Fact Pattern: Melanoma

A 47-year-old female presents to a dermatologist complaining of a “discolored” mole on her back in November. The dermatologist says it’s nothing serious but decides to freeze it off with liquid nitrogen in the office. After noticing the “discoloration” returning over the next few months, the patient decides to have it checked. She presents to an urgent care center, where the physician immediately refers her to a dermatologist, who does a biopsy. The report comes back as melanoma with penetration into the dermis, Stage IIA (T2b, N0, M0).

Who should review it?

Some attorneys think they should get a dermatologist first, the worry about everything else (perhaps a (medical) oncologist) later. In these situations, though, the causation/damages issues, including “Wouldearlier treatment have changed the outcome?” typically predominate and are more likely to include a dispositive issue. As a result, it’s usually better to have causation/damages reviewed first. Frankly, if you’re going to get a “no,” you really want to get it on the first review–not on the second, third, etc. So, again, who should review it? Well, how about a surgical oncologist–one who handles melanomas?

So, what’s a surgical oncologist?

It’s a general surgeon who’s specially trained in cancer surgery. Wait . . don’t all general surgeons operate on cancer? Well, yes, technically, but there’s more to it than that. For example, if there’s an ascending colon cancer, yes, they would remove it. So aren’t all general surgeons surgical oncologists? No. A surgical oncologist will handle colon cancers but also breast cancers, and peripheral cancers (like on the legs or arms) and even endocrine tumors. They may or may not handle thyroid, depending on their training. Surgical oncologists have had specialized oncologic training so a surgical oncologist is sometimes best for the initial review--followed by a dermatologist to opine about standard of care (of the dermatologist).

Are there any other choices for causation?

Well, how about a Mohs surgeon? Alright, what’s a Mohs surgeon? That’s a dermatologist by general training who then decides to do Mohs training which is the methodical removal of tumors of the skin a bit at a time, with the Mohs surgeon looking at each ‘slice’ on site under a microscope to assess whether there are clear margins on all facets and continuing to remove slices until all margins are clear. So, can a Mohs handle both duty/breach as well as causation/damages? That depends.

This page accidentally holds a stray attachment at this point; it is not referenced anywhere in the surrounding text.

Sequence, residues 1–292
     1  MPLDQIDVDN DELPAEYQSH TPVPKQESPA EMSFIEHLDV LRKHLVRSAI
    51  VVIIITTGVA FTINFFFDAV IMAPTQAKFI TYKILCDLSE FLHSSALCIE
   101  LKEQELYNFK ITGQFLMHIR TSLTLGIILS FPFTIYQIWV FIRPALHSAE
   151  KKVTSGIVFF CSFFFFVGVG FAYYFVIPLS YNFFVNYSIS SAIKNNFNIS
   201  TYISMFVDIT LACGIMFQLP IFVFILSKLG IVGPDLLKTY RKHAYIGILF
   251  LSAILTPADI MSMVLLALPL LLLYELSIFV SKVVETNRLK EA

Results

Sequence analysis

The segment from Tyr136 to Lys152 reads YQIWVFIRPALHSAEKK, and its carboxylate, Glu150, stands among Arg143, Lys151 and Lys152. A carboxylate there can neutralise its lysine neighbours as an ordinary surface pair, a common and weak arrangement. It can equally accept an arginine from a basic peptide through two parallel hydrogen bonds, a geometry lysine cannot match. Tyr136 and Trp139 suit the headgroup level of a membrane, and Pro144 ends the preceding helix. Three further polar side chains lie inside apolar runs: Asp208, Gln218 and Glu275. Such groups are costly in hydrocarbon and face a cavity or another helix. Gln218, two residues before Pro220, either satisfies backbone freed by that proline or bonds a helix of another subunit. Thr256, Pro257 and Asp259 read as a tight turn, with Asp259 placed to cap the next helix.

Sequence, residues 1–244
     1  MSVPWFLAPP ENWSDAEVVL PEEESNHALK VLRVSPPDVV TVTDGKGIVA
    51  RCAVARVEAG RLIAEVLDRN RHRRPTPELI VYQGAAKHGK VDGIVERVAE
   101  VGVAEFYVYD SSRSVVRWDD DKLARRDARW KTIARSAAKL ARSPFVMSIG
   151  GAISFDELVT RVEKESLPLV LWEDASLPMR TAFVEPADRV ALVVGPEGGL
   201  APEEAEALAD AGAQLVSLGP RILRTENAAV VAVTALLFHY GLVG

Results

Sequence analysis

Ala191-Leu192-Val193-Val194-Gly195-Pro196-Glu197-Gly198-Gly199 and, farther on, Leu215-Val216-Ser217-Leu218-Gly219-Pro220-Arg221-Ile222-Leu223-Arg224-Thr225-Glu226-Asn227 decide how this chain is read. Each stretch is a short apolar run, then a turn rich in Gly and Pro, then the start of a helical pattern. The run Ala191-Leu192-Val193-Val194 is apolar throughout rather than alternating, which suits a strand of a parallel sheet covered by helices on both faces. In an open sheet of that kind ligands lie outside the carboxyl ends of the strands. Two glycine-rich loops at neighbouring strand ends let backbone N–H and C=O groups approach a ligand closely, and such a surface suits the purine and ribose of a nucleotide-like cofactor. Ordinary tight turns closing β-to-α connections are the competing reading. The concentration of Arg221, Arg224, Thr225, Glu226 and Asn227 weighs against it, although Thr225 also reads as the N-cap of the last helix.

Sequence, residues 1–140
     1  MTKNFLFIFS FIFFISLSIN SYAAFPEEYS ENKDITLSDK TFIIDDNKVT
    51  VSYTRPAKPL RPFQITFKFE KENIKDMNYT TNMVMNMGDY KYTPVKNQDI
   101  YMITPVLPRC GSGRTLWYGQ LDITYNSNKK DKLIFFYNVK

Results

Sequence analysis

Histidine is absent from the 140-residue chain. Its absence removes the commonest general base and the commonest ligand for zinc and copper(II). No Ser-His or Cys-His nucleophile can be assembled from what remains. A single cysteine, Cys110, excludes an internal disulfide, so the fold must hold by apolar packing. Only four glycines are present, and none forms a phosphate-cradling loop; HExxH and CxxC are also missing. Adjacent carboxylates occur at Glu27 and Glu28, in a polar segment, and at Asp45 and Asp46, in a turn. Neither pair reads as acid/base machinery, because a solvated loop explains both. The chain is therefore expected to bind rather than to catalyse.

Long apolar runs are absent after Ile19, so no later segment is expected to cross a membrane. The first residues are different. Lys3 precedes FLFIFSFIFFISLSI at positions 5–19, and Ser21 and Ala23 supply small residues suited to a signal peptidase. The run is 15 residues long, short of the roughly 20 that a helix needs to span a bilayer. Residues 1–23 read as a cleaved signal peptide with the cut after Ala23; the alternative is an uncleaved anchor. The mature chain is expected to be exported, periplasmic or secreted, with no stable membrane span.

Is a Mohs better than a surgical oncologist for causation?

Not necessarily. In fact, the surgical oncologist’s oncologic background may make him/her a more credible witness about cancer surgery than a Mohs.

What about a plastic surgeon for causation?

Yes, they do these removals. If the damages are “Was the surgery more disfiguring due to the delay?” then a plastic surgeon may be a good choice for causation/damages. If the question is or also includes “Did the cancer staging/prognosis get worse due to the delay?” then aplastic surgeon may have some shortfalls. Each choice weighs more toward plastics or surgical oncology, respectively. Also, plastic surgeons are pretty expensive if it comes to trial so there may be a less expensive option (or two).

Does the law in the state require the expert’s practice to ‘match’ the defendant’s?

If so, a Mohs surgeon may not be compliant and a separate (general) dermatologist will be required. That said, a Mohs may be the better choice initially because such an expert could definitively answer the causation/damages questions about the effect of the delay and also give insight or even a definitive answer on duty/breach.

What if the law requires an affidavit by an expert in a matching field and the statute of limitations is nearly up?

In that situation, one may have to forego having the likely (for the sake of this hypothetical) dispositive causation/damages issues reviewed due to the need for an immediate affidavit. Even the choice of a Mohs surgeon may have to be abandoned due to the need for an expert in a ‘matching’ field.

What if the delay in diagnosis didn’t result in the cancer progressing past Stage 0 (in situ)?

In that case, there would likely be no provable damages, but there’s still an open question about the delay causing an aesthetically more damaging surgery.

What if the situation involved a delay between Stage II and Stage IV melanoma, meaning the difference in survival was between less than 50% (Stage III) and much, much less than 50%?

The critical parts of this question involve whether the state allows recovery for loss of chance and whether it allows recovery at all if the patient never had a time at which a deviation would have meant, to the requisite level of certitude, that s/he would have survived.

If there’s an issue with ‘what was really on the slides,’ is a pathologist necessary?

Yes and no . . . and maybe. It depends on whether the pathology issue is beyond what the other expert(s) can testify about, i.e., is it esoteric or more within the general knowledge of one of the other experts. Even then, if there’s an esoteric issue, a dermatopathologist would be best.

Is a dermatopathologist necessary or could a regular pathologist suffice?

That depends on the scope of the practice of the pathologist. It also depends on whether opposing counsel gets (or could get) a dermatopathologist. Most critically, it also depends on whether the original diagnosis was made by a dermatopathologist. Walking into court with a ‘mere’ pathologist, may be a fatal mistake or it may be a fine choice.